Thursday, June 22, 2017
Interview: Kumail Nanjiani on The Big Sick's real-life love story
Kumail Nanjiani was following a well-trodden path when he came to the United States from Karachi for college, majoring in computer science (though he did muddy the waters a bit by co-majoring in philosophy) and then working as an I.T. guy (although, he says, he wasn't much good at it). But somewhere along the way he strayed from the path. He traded Islam for atheism; became a stand-up comic, writer, and actor with a talent for appearing in zeitgeist-y shows like The Colbert Report, Key & Peele, and Silicon Valley; and married an American woman who's neither Pakistani nor Muslim.
The Big Sick, a smart, emotionally honest rom-com that Nanjiani co-wrote with his wife, Emily V. Gordon, is a fictionalized retelling of their courtship, which started as a guilty secret he kept from his parents, as his mother set him up with a series of nice Pakistani-American girls in hopes of arranging a marriage. In New York this week to promote the film, Nanjiani talked to me about how his relationship with Emily has made him a better man, the pros and cons of arranged marriage, and whether he might be a desi Sidney Poitier.
I have this theory that you're the desi Sidney Poitier, or one of them. There may be a couple others, like Aziz Ansari, maybe Kal Penn.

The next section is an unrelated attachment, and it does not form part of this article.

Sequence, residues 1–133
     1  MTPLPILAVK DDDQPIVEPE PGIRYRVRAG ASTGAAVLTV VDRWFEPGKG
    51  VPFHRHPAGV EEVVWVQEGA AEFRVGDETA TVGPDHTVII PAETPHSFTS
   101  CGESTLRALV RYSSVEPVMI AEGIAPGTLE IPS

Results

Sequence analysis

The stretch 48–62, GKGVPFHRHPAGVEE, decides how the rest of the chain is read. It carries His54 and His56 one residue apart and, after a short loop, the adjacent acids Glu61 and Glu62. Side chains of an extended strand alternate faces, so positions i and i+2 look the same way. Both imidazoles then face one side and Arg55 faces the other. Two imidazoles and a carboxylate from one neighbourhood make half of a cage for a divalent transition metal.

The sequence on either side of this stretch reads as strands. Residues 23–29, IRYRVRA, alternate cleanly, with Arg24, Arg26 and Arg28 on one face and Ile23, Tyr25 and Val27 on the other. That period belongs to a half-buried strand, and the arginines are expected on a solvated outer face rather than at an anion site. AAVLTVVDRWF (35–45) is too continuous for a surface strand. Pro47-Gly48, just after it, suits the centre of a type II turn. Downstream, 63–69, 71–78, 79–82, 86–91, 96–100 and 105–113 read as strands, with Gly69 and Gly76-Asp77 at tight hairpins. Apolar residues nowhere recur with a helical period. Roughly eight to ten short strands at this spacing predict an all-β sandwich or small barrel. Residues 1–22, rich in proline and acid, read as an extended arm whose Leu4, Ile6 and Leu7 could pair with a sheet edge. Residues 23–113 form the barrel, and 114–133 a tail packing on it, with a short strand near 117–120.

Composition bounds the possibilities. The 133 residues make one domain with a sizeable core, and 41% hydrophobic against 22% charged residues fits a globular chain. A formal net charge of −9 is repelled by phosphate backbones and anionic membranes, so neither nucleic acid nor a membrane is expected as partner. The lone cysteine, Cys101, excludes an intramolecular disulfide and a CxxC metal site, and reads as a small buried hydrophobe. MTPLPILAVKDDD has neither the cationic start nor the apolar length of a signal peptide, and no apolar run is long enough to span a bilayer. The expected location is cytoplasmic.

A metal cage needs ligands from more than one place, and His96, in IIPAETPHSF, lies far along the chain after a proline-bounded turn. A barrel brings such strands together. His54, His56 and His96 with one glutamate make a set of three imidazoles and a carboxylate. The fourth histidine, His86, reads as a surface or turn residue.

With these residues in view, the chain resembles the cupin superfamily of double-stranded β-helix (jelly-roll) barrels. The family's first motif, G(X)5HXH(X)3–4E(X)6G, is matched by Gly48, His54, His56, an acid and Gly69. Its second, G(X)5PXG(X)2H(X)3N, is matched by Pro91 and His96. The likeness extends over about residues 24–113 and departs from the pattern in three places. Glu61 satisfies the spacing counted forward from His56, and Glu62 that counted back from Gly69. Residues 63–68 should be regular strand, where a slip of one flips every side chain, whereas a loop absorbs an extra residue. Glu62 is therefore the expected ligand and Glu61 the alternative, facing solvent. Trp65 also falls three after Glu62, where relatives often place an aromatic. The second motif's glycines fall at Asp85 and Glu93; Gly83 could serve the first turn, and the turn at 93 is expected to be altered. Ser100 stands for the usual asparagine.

[Laughs] No! Really? Guess who's coming to dinner! That would be great.
Poitier was countering negative stereotypes about black people in the 20th century, which he did by being regally charming and hyper-civilized. And you are countering stereotypes about Muslims in the 21st century, which you do by being charming in a funny, approachable way—and by being really into the cool-nerd part of American culture, which is a very millennial thing.
Yeah, well it's not like I chose to try to do that stuff—
No, and I don't think Poitier did either. But I think you both got kind of anointed by Hollywood or the culture at large to do it.
Oh. Wow! I think that it might be part of it. [Laughs] “He doesn't look like us, but he likes the stuff we like, so that's something. He plays video games—probably more than us!”
You've played a lot with subverting stereotypes, like in your response to a heckler in The Big Sick, where you basically say: “You got me! I'm a terrorist! I'm working as a stand-up comic because it's a good way to stay out of sight.”
I actually had to come up with that line because I would get heckled with racist stuff in real life while doing stand-up. The first time that somebody heckled me like that, I was, like, stunned. I didn't know what to do. Then it happened again. And I was stunned again. I think it was after the second or third time where I was, like, all right—just to feel comfortable, I'm going to have to come up with a line that I can say [back in response].
Read the rest in Slant Magazine